The Old World Display

Maybe a decade ago, a web-designer and friend of mine told me a classic “client from hell” story. The details have since become fuzzy, but the crux of the story revolved around a particular design the client wouldn’t approve. There was this one detail that was off, a particular element that just wouldn’t center properly in the layout (it was insisted). Thankfully the client had come up with a seemingly simple fix: just draw half a pixel! Who would’ve guessed that just a decade later, “The Apple Retina Display” would herald the arrival of just that: the halfpixel?

While the term “retina” is mainly marketing chatter meant to imply that you can’t see the pixels on the screen, it’s not just about making sure the display is arbitrarily high resolution. In fact, it’s pixel-doubling. The 1024×768 iPad doubled to 2048×1536 when going retina, and while the implicit goal of this was clarity and crispness, the exact doubling of screen dimensions means UIs elements scale perfectly: 1 pixel simply becomes 4 pixels. It’s quite brilliant, and there’s only one pitfall.

For a designer it’s more than easy to get carried away with quadruple the canvas. In the plebean resolution of yore, tiny UI elements had little room for error: icons had to be perfectly aligned to even pixels, and ideally their stem weight would be a whole pixel-value. The atom of the display — the pixel — was the tiniest unit of information possible, and if it wasn’t mindfully placed it would blur and artifact under heavy antialiasing. In The Old World we had a term for this: pixel-perfect.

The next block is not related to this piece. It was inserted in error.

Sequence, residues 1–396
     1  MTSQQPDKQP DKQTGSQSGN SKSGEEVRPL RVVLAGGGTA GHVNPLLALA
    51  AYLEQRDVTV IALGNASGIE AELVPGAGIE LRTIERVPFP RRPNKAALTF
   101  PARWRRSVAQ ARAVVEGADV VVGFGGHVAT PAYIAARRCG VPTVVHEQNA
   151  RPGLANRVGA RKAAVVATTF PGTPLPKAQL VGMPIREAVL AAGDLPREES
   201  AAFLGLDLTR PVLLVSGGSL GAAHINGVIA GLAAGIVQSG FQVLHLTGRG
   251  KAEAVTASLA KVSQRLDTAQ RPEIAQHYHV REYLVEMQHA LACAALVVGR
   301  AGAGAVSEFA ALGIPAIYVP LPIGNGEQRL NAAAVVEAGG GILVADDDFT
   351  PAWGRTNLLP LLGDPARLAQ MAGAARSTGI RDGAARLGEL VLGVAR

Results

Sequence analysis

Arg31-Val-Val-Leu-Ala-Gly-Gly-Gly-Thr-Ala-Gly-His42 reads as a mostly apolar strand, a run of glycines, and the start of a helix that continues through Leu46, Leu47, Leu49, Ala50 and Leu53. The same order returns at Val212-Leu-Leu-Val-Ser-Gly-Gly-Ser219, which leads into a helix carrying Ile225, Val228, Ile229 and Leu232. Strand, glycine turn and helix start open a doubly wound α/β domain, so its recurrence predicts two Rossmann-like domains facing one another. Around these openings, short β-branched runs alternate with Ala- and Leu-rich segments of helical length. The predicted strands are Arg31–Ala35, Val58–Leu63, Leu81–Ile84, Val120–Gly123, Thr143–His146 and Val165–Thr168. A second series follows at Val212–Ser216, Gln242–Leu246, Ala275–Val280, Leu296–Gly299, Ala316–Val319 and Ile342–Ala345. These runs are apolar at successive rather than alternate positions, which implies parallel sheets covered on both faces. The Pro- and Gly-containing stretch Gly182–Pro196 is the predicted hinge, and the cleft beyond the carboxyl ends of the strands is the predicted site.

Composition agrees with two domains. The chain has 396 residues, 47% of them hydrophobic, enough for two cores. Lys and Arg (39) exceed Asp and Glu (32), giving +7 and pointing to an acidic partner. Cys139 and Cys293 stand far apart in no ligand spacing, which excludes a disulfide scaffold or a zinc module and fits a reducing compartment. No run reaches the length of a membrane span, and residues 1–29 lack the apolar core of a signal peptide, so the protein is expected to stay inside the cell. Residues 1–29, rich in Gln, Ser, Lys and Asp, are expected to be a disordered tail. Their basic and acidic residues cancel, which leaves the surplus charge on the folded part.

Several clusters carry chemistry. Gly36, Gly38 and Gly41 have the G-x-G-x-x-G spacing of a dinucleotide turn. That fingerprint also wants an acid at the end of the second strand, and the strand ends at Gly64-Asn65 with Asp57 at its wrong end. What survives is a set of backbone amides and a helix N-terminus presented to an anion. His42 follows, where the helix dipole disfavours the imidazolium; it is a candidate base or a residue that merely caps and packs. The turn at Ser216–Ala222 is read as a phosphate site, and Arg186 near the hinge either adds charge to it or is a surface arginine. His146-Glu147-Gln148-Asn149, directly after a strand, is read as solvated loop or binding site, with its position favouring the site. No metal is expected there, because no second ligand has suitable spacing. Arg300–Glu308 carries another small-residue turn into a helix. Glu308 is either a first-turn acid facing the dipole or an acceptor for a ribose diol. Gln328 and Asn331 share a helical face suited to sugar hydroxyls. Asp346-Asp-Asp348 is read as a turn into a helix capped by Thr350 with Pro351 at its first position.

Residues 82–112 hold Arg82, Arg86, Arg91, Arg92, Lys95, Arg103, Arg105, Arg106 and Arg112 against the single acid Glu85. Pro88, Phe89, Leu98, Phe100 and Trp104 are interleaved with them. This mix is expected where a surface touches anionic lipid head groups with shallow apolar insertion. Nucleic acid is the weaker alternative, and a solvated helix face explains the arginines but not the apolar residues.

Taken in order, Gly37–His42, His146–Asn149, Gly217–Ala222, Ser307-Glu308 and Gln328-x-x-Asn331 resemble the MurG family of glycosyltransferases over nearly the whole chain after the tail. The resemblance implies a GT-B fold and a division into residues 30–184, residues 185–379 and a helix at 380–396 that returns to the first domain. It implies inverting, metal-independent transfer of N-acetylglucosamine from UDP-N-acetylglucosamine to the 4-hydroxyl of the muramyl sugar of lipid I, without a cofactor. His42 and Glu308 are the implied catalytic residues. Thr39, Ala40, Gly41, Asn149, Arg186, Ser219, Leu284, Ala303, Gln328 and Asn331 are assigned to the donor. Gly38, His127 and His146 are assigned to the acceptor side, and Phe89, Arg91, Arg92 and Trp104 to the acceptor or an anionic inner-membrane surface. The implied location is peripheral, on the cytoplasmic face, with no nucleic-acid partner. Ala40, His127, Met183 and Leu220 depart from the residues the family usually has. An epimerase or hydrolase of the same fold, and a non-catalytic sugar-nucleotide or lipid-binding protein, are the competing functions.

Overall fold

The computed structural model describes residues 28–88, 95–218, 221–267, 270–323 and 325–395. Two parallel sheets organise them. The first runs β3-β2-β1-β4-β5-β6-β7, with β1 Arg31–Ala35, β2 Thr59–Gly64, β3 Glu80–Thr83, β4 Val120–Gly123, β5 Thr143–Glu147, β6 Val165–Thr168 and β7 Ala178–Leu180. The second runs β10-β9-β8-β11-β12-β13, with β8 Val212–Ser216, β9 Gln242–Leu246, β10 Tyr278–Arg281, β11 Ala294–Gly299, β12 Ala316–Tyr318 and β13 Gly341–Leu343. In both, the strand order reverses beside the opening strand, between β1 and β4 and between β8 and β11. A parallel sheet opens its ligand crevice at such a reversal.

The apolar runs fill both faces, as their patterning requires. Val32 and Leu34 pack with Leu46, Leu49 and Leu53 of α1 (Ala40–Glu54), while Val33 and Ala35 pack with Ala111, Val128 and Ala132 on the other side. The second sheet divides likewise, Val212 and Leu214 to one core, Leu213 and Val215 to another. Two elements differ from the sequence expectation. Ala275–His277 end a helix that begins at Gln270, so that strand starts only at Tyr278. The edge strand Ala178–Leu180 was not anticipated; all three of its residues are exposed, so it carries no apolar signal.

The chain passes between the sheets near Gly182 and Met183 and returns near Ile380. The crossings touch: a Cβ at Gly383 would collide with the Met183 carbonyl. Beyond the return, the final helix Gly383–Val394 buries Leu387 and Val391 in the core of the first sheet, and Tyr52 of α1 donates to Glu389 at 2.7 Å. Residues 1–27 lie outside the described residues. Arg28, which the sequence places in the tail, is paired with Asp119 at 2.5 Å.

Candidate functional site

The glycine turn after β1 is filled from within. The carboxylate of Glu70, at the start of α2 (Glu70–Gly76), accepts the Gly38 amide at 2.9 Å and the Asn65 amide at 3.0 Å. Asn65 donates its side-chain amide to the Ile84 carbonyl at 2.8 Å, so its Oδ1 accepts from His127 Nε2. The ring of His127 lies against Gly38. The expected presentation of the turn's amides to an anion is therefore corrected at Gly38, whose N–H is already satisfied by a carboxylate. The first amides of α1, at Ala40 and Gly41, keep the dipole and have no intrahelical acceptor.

However inside the retina display lives the halfpixel siren, and her song is alluring. She’ll make you forget about The Old World. She’ll draw tiny tiny pixels for you and she’ll make your designs feel pixel-perfect, even when they’re not. It’s an irresistable New World.

David Pierce reviewing the new iMac 5K for The Verge:

I drove an Audi and never looked at my Saturn the same way again. Remember the first time you used a capacitive touchscreen, threw your 56k modem out the window and switched to broadband, or switched from standard-def TV to 1080p?

It only took about ten minutes of using Apple’s new iMac with Retina display to make me wonder how I’m ever supposed to go back. Back to a world where pixels are visible on any screen, even one this big.

It’s a good life in The New World. It’s a good life here in the first world. It’s so true: no-one should have to endure the pin-pricking misery of looking at old-world 1x screens! (Actually, my 35 year old eyes aren’t good enough to see pixels on my daughters etch-a-sketch, but I can still totally empathize with how completely unbearable the pain must be).

It gets worse — are you sitting down? Here it comes: most screens aren’t retina. One wild guess puts the population of non-retina desktop users (or old-worlders as I call them) at 98.9%.

That’s not good enough, and it’s time to fight for the halfpixel. We’re at a fateful crucible in history, and I can see only two possible paths going forward. Either we start a “retina displays for oil” program to bring proper high resolutions to the overwhelming majority of people who even have computers, or we just have to live with ourselves knowing that these old-worlders will have to endure not only disgustingly low resolutions, but indeed all of the added extra blur and artifacts that will result of future computer graphics being designed on retina screens and not even tested for crispness on 1x screens (( Hey Medium… We need to talk. )).